A Modern Approach to Recruiting Diverse Board Candidates
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July 30, 2021
DEIDiversityBoard and CEO AdvisoryDiversity, Equity, and Inclusion AdvisoryBoard EffectivenessBoard Director and Chair Search
Executive Summary
The emphasis on diversity, equity and inclusion (DEI) in the boardroom is shaping up to be a permanent reframing of all that boards do. 
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Excerpt from the article originally published in Directors & Boards

The Directors & Boards article, "A Modern Approach to Recruiting Diverse Board Candidates​," was written by Russell Reynolds Associates Consultant Rusty O'Kelley, outlining how organizations can begin to diversify their boards. The article is excerpted below.

The emphasis on diversity, equity and inclusion (DEI) in the boardroom is shaping up to be a permanent reframing of all that boards do and, more broadly, how companies approach corporate governance writ large. Though this emphasis has been steadily increasing over the past several years, the events of 2020 have accelerated ongoing discussions and efforts, and public boards should expect increased pressure from stakeholders — if not explicit action taken against them — if real progress is not achieved. 

Part of that pressure will come in the form of legislation and regulation. In the fall of 2020, California was the first state to enact legislation requiring public companies headquartered in the state to have at least one board member from an underrepresented community by the end of 2021. Nasdaq’s newly proposed listing requirement has a similar mandate and is expected to be approved by the SEC. These regulations will likely use census definitions of diversity when assessing compliance, as California has.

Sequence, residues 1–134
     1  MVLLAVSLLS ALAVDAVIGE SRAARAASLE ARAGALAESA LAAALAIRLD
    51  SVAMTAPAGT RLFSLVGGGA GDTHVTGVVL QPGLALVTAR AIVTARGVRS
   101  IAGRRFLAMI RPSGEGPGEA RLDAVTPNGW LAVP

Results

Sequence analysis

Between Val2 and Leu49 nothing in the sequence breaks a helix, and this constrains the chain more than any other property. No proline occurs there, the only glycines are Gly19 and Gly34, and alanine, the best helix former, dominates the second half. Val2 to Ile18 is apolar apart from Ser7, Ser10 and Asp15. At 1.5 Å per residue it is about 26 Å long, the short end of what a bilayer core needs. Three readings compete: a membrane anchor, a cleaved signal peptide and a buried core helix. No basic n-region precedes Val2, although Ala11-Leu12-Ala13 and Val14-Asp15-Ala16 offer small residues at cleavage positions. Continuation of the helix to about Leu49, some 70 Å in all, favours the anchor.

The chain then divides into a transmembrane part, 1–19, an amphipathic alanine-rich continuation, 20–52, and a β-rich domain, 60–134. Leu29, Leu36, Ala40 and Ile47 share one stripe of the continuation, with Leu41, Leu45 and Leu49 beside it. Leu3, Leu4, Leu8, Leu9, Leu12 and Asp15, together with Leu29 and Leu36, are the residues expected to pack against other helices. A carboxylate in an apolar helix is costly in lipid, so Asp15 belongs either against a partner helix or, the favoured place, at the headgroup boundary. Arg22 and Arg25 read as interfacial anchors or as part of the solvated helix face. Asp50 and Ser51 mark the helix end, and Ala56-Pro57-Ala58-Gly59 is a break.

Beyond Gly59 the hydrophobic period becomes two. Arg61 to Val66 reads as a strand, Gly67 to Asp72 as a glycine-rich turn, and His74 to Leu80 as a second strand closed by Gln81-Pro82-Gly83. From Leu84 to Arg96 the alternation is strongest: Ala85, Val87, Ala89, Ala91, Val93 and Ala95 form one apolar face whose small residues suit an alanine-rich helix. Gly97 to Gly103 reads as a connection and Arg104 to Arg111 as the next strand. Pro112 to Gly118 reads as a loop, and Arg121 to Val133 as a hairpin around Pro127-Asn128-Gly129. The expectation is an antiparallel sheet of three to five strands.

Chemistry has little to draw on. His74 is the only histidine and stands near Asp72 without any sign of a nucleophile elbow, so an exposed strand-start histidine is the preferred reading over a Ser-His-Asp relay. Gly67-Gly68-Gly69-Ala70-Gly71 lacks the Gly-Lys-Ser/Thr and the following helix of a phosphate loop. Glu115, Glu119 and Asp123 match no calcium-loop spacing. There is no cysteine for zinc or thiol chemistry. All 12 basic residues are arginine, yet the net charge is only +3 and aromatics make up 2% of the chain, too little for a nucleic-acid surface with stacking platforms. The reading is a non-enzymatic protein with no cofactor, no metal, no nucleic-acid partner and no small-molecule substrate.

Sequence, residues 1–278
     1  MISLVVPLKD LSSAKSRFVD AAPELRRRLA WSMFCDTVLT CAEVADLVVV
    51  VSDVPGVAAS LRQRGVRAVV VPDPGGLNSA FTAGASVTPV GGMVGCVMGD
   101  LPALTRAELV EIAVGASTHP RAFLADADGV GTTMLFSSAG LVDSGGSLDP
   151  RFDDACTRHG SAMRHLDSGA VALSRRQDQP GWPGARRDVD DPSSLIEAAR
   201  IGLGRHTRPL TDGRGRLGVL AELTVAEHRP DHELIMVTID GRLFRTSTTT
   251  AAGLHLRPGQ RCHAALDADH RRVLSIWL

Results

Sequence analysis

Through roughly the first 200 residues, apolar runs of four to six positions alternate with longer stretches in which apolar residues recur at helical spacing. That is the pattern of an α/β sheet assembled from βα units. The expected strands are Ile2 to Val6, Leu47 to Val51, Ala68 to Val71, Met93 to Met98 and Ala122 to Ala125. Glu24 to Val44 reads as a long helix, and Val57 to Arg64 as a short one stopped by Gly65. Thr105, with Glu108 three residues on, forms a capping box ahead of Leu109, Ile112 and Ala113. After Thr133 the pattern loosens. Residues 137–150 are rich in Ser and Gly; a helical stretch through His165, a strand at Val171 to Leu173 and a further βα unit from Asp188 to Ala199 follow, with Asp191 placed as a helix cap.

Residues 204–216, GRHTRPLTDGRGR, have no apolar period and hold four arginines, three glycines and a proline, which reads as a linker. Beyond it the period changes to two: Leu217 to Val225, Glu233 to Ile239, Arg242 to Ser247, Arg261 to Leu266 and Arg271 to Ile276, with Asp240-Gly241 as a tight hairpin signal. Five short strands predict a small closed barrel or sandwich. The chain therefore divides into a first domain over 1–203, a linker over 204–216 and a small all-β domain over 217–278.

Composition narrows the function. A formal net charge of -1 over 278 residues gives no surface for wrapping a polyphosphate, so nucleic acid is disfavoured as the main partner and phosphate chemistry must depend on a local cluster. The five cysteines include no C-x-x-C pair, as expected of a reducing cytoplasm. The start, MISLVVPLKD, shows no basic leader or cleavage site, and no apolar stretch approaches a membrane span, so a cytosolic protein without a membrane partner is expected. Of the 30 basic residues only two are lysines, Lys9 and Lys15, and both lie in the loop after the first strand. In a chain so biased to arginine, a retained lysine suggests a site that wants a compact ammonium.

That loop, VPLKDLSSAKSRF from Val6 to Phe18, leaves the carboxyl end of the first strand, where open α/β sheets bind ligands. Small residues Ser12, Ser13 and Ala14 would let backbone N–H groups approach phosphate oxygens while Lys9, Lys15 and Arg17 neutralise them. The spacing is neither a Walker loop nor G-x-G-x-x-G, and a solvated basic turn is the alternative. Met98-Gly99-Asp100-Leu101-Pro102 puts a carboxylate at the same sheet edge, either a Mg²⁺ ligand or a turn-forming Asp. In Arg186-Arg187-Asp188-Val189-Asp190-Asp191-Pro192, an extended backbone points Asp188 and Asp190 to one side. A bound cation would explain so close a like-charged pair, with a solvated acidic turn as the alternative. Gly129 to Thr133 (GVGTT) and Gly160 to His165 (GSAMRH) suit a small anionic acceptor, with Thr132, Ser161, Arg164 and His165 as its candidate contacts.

While these mandates may be unpopular with some commentators, the push for greater diversity is largely well received by stakeholder groups, and particularly by employees. One reason is that the workforce is increasingly diverse, and these initiatives respond to their call for better representation. 

The public is also weighing in. The COVID-19 pandemic and social justice protests in the wake of George Floyd’s death made clear to everyone the challenges Black and other ethnically diverse communities face daily and triggered a public discussion on the topic unlike anything we have seen before. Confronted with the lack of diversity in leadership roles, corporate America acted. Between the third quarter of 2020 and the end of the second quarter of 2021, more than 110 Black directors joined 114 of the S&P 500 company boards. It is a good start, yet more than 100 S&P 500 companies still lack a Black director, and in some cases have no ethnically diverse directors at all. 

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There is clearly a business benefit to taking action. But where do boards start? 

To increase the diversity of their boards, companies must change how they recruit diverse talent. Too many boards think they can complete a search for a diverse director in under three months, failing to recognize how in-demand diverse executives are and how complex a well-designed process can be to do well. Boards should instead develop a three- to five-year succession plan, so they have a long-term view of the strategy-driven skills and experiences new directors need. Along with knowledge, skills and experiences, ethnic diversity needs to be considered as part of the overall composition of the board and prioritized appropriately. 

Boards then need to identify pools of diverse talent, which will likely be different from where and how the board has recruited in the past. Part of this should include building relationships with diverse executives before they become attractive director candidates, creating a pipeline to board service and a network of up-and-coming diverse leaders. 

To read the full article, click here.